Soon enough, endurance riders discovered the Doyle horses. They still recall that Linda Tellington Jones rode Bint Gulida (Ghadaf x Gulida by Gulastra) in the 1961 Jim Shoulders Ride of 100 miles and finished five and a half hours ahead of the second place horse. And also won the title for best condition! Over the years, Bint Gulida and her descendants became worthy competitors in endurance riding. In the field of working cow horses, her son Cougar Rock sired many foals for Rush Creek Land and Livestock Company, a ranch noted for producing endurance-ready horses. A Doyle mare Maloof Hadiya (Parnell x Devlin by Omagh) was exported to England in the early 1990s and her sons did well in flat racing there.
A number of preservationist groups claim the Doyle horses as a valuable part of their interests and activities and although the Doyle horses are few in number, their owners develop great skill and pride in the breeding of the Doyle lines. Often to the envy of fellow breeders.
Here are some bits of wisdom from persons acquainted
with the Doyle Arabians.
“Zobeyni was probably the greatest of all stallions to come out of the desert. We have been able to produce horses that have 92 crosses to Zobeyni in 10 to 15 horse generations.” — Dr. Joseph Doyle
“Considering that the Doyle groups extend from only one mare and two closely related stallions that were used by Dr. Doyle more than half a century ago, and that the living members of the group display the characteristics he wanted to preserve, it is appropriate to acknowledge them now as a unique strain: ‘Saklawi Jedran Ibn Sudan of Doyle.’” — Joan Schleicher, Doyle breeder
“What sets the Doyles apart from the hundreds of thousands of other bloodlines? That the breeding program is still going after nearly 70 years. Many people said the Doyle horses were too inbred to survive, but the future looks bright for them.” — Rosemary Doyle
“The Doyles are admirable horses, but just try to acquire a Doyle! There are so few, and they are so appreciated by their owners. I searched for more than a year for a Doyle stallion and finally succeeded in buying Blarney (Ibn Gulida x Bint Ghadaf by Ghadaf), foaled in 1969. Blarney sired horses that were always ‘better’ than both parents and they were consistent in many ways.” — Joan Schleicher,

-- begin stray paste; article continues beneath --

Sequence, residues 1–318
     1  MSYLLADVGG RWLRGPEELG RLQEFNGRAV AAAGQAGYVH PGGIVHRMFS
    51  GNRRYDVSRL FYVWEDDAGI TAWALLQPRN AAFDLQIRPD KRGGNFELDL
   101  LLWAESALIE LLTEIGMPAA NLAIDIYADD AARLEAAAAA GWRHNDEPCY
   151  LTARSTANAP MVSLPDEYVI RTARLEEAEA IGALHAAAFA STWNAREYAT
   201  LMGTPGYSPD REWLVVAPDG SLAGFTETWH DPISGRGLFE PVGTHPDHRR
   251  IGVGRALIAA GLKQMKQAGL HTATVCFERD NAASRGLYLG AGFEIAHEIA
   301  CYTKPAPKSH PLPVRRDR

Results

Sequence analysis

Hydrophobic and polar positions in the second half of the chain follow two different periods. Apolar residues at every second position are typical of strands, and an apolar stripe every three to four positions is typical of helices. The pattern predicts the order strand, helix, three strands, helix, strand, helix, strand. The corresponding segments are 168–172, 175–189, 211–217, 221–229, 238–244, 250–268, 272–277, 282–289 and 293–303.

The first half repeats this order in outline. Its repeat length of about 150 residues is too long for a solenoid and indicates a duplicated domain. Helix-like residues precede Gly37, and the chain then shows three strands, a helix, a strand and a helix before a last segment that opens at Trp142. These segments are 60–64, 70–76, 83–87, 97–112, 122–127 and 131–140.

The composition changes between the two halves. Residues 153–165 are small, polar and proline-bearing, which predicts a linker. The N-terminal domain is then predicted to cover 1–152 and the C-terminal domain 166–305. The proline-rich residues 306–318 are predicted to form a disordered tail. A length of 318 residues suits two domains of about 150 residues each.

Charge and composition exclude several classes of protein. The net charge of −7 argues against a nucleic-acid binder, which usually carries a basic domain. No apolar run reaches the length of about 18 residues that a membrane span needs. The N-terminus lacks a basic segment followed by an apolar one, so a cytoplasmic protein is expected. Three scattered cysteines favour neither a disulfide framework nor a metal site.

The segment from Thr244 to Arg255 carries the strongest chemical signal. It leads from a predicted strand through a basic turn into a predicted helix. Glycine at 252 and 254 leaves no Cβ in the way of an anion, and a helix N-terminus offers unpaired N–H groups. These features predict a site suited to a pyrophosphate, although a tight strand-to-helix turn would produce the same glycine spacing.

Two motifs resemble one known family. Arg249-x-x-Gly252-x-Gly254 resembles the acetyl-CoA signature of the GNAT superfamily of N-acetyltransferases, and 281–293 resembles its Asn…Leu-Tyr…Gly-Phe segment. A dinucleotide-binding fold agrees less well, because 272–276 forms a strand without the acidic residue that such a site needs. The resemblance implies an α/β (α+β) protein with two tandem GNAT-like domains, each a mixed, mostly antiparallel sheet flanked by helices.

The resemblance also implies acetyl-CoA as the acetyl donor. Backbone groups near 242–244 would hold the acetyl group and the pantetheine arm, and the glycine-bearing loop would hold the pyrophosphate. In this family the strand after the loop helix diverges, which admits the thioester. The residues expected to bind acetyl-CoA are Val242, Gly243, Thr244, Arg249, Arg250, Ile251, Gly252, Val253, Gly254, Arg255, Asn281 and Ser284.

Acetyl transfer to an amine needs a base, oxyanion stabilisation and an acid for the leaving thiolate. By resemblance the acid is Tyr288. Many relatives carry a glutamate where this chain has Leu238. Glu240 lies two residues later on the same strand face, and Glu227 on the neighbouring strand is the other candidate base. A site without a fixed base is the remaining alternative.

“The Bedouin ... would travel long distances and study for hours and days the true forward-reaching horses. Only this choice type of Arabian has the ‘reaching’ look because they are long, low, and rectangular, and have a perfect blending of harmonious and living lines that seem in continuous extension and forward motion without any abrupt changes between one part of the body and another, but rather one part of the body flows into the next all the way from the root of the tail to the tip of the muzzle. Of course the great length of the underline compared to the shorter top line has something to do with this fascinating feeling that a ‘reaching horse’ is always in advance (onward) of itself. Locomotion potential is maximum, manifested by the muscling on the inside and outside of the legs. There are tapering long muscles from the quarters into the gaskin and from the deep sloping shoulder into the forearm. The lines of the lower legs (tendons and cannons) are in a perfect parallel never meeting if extended upward to infinity.” — Dr. Joseph Doyle, 1955
“In the first place, Dr. Joseph Doyle was just a fascinating, wonderful person. He was about as much a romanticist as anyone that ever lived. He was also, I am sure, a scientist. He went about this systematically — hardly anyone does it that way. He found out about his horses to begin with and developed the initial foundation of his herd through a very close study of everything that had been written.” — Charles Craver, preservationist breeder